“As stated in Article 10 of the Constitution, in a state of law everyone is equal before and under the law, and no one is superior to the law. However, as is clearly seen in the examples given above, the restrictions and conditions imposed on the proper functioning of the law are so heavy and so bound by certain personal decisions and discretion that the law is rendered incapable of functioning unencumbered, and the top echelons of public administrations are protected by actual immunities and exemptions. Unless effective accountability is established in public administrations, it is entirely in vain to expect the judicial and other state forces and organs to be used democratically and in full compliance with the law. Accountability for the public administration through the supremacy of law is the primary step required to be taken so as to become an advanced democracy.
It is obvious that to make the investigation of personal or job-related offences and crimes of public servants subject to the prior consent or permission of their own institutions or hierarchical superiors is contrary to the fundamental provisions of the Constitution, the Republic, the principles of state of law, the rule (supremacy) of law and equality, and human rights. Article 129(5) of the Constitution is only one of the special provisions contradictory to said fundamental provisions of the Constitution. In the simplest terms, this provision contradicts Article 9 and Article 138 of the Constitution, relating to the independence of the courts. Thus, laws issued in reliance upon this contradictory special provision, and which even partially exceed the scope of the provision, also contain certain contradictions with fundamental principles of the Constitution. Both these contradictory provisions should be separated, special provisions should be made compliant with the fundamental principles of the Constitution and the contradictions of certain laws with said fundamental principles should be eliminated.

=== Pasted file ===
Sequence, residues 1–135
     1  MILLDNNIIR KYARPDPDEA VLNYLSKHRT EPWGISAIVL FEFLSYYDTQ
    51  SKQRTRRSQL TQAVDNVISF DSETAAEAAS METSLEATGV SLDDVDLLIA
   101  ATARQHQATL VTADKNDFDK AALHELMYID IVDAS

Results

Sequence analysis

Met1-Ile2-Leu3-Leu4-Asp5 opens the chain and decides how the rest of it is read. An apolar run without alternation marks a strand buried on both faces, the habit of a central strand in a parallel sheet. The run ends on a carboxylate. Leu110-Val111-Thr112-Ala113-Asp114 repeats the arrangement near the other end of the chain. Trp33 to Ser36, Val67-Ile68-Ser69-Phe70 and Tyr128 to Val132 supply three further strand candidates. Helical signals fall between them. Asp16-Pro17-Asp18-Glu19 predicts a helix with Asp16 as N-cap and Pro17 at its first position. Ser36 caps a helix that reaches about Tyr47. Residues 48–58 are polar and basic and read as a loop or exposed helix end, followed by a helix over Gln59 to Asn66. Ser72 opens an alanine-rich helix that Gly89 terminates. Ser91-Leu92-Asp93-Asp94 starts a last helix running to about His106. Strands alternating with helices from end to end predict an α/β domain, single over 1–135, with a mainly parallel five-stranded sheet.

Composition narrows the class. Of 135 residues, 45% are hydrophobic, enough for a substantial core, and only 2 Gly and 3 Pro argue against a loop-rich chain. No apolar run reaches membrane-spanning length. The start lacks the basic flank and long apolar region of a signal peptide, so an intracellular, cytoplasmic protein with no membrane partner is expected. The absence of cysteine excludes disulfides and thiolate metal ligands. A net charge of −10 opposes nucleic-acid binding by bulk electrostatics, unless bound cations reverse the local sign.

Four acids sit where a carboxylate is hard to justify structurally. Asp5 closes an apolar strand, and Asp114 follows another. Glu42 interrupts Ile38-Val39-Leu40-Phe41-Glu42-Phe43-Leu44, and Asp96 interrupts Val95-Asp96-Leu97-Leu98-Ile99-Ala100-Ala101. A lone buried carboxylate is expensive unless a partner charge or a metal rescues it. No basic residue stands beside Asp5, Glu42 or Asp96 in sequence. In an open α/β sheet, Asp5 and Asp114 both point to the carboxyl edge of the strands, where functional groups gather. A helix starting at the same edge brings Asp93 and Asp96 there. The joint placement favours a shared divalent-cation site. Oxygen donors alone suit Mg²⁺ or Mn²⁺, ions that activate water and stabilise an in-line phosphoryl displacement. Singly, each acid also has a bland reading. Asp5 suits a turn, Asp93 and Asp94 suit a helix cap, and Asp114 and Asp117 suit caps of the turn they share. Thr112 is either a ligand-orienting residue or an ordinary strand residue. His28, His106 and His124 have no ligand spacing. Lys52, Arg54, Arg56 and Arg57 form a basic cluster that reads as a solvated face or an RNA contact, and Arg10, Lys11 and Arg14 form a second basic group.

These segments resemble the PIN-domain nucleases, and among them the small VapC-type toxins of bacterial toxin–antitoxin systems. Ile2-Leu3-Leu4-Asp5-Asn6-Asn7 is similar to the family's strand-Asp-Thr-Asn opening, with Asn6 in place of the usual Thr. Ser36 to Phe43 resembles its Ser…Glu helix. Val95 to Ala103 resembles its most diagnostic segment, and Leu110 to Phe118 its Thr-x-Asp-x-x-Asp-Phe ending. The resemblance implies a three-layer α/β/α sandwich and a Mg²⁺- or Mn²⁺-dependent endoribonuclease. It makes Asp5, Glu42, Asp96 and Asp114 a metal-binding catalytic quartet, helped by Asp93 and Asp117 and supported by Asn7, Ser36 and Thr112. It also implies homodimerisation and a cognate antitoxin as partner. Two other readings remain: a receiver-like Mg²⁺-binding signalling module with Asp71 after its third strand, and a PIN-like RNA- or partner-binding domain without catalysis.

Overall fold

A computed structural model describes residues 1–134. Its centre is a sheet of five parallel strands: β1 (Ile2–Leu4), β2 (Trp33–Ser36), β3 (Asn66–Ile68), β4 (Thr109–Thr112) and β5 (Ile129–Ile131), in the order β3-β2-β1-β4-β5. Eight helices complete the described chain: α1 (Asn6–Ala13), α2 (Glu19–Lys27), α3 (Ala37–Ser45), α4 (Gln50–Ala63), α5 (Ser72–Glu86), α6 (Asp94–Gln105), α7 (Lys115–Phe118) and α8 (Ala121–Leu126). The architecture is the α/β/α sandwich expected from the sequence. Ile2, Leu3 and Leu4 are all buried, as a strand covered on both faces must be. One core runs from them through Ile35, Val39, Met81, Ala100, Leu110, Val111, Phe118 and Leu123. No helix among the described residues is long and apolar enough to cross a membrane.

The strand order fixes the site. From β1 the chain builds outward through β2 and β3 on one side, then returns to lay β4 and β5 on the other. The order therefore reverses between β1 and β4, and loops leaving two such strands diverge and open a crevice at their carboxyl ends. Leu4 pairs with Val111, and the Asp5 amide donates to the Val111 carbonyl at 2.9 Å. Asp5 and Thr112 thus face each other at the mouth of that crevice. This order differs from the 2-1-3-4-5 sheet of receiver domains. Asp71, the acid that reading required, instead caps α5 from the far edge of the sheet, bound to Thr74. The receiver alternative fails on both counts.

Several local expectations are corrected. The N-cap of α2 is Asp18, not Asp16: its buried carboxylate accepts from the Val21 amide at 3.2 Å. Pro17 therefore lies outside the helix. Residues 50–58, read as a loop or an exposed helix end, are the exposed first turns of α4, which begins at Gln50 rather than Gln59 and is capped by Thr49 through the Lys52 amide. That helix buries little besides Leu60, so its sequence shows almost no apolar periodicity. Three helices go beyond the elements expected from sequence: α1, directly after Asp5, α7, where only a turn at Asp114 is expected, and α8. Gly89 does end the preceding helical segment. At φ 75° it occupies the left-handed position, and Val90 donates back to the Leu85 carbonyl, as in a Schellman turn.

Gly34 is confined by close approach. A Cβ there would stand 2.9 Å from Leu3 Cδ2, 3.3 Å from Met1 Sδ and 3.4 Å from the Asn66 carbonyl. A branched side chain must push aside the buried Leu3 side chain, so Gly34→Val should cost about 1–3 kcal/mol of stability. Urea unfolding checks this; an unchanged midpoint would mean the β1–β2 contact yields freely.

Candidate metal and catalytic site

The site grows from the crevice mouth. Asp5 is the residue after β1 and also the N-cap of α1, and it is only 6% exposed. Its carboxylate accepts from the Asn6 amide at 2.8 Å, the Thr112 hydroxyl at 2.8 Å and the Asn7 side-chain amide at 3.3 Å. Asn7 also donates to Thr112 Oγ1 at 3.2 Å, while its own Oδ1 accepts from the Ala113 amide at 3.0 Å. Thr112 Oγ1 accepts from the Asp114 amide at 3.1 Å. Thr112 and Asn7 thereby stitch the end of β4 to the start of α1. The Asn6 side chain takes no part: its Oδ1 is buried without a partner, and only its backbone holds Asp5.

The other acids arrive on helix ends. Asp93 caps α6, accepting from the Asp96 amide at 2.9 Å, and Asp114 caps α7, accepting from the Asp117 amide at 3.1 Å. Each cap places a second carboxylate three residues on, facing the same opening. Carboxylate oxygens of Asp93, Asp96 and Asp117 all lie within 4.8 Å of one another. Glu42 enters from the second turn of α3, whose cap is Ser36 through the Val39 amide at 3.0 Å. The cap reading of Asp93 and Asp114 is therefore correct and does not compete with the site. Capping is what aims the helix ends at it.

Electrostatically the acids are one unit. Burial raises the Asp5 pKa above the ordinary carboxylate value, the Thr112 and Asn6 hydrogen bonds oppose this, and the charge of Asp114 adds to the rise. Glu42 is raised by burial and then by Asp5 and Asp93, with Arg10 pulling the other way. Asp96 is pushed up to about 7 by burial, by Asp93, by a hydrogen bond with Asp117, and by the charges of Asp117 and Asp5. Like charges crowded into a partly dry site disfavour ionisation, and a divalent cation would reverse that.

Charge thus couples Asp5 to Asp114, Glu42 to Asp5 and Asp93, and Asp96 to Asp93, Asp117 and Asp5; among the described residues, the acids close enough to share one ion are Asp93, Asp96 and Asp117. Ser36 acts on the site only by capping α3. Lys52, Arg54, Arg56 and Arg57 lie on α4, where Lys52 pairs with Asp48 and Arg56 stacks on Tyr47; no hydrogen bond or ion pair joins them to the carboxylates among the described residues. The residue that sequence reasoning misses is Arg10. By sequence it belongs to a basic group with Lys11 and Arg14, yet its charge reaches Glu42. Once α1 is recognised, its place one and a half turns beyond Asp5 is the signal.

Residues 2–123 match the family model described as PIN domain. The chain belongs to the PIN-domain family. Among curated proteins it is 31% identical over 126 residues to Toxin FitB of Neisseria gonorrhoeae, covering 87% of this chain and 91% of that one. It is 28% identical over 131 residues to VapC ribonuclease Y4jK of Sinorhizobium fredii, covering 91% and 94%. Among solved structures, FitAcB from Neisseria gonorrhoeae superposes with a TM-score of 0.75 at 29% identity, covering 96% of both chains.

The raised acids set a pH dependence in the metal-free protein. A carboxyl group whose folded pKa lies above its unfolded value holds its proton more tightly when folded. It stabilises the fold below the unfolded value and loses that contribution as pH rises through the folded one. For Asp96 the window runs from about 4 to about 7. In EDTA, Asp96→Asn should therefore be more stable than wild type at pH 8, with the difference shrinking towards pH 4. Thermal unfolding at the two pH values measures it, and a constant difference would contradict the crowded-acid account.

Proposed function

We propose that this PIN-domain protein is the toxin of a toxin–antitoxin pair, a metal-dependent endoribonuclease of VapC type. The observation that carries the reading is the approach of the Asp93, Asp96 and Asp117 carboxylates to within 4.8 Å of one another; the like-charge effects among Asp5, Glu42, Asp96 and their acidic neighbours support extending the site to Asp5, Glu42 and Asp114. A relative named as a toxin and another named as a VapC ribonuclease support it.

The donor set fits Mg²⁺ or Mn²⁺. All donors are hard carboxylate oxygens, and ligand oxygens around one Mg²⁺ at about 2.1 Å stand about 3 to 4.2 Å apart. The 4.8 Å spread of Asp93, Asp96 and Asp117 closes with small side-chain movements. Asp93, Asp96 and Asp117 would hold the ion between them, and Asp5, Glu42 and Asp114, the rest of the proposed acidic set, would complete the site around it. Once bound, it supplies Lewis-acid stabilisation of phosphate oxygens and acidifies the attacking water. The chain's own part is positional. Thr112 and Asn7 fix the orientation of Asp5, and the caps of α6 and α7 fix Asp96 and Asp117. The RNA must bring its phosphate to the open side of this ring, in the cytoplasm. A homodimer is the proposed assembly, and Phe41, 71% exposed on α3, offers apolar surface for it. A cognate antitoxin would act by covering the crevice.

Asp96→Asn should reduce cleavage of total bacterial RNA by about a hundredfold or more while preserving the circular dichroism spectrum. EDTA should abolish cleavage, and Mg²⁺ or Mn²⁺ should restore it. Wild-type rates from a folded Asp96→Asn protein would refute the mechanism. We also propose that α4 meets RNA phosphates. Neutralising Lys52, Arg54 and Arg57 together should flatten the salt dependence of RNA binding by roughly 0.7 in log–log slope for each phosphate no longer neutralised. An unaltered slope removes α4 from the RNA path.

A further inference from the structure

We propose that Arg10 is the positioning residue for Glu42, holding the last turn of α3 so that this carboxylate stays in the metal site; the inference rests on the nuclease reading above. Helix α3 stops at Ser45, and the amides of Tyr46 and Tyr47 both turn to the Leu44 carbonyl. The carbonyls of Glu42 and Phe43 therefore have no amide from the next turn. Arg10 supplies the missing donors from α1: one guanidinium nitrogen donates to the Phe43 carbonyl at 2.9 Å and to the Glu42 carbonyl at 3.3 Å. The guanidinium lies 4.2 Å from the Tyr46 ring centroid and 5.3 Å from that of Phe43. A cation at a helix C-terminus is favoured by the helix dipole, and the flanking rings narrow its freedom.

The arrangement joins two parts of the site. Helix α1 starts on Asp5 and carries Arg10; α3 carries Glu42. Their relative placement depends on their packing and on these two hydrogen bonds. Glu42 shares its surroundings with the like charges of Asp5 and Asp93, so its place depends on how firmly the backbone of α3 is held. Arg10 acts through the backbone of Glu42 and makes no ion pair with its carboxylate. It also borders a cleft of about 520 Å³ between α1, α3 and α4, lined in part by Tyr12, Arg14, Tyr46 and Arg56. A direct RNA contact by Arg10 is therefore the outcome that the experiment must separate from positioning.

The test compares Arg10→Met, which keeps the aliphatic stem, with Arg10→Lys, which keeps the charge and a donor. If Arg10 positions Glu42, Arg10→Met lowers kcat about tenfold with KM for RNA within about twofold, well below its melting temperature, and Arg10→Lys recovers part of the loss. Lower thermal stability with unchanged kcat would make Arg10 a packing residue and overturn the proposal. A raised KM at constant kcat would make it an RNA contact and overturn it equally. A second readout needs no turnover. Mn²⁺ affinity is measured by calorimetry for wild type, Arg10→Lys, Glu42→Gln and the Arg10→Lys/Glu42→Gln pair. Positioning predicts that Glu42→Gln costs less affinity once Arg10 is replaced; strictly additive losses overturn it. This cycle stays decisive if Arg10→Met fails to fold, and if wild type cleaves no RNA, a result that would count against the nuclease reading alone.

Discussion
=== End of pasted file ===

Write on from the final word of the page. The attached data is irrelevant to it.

A legal measure that first comes to mind in order to solve this problem is to issue and enact a General Administrative Procedures Code to set down how public servants and the executive organ will perform and fulfil their managerial duties and, thus, strengthen the decision-making and accountability of public servants and officers. Through such a law, not only will public servants be facilitated to make decisions compliant with the law but the instructions of the executive organ may also be assured to be in compliance with laws. If bureaucrats are strong in terms of compliance with the law they will also hold strong against political executives, and this may in turn further develop compliance with the law in state governance as a whole.
Within the framework of the General Administrative Procedures Code, the processes of performance of public services, each stage of the process, and the duties and obligations assigned to the related parties and public servants at each of these stages, should be clearly and fully set forth, and public servants should be accountable for the performance of their job duties and functions, as required.
For instance, in what time frame and how a public servant will perform and complete their job duties should be determined, and the public servant should be accountable for the performance of these duties and functions to both their institution and the related parties affected thereby. At present, the law provision stipulating that if an application by a related person is not answered within 60 days the demand will be deemed to have been refused does not fulfil the needs of our day. As for public servants, these periods of time should be limited to a reasonable time as needed for the relevant work, while the term of litigation concerning the related person should be kept as long as possible. For instance, a petition to fill in a pothole in a street should be satisfied and fulfilled within three days, and the complainant should be entitled to exercise his legal rights and remedies after three days. “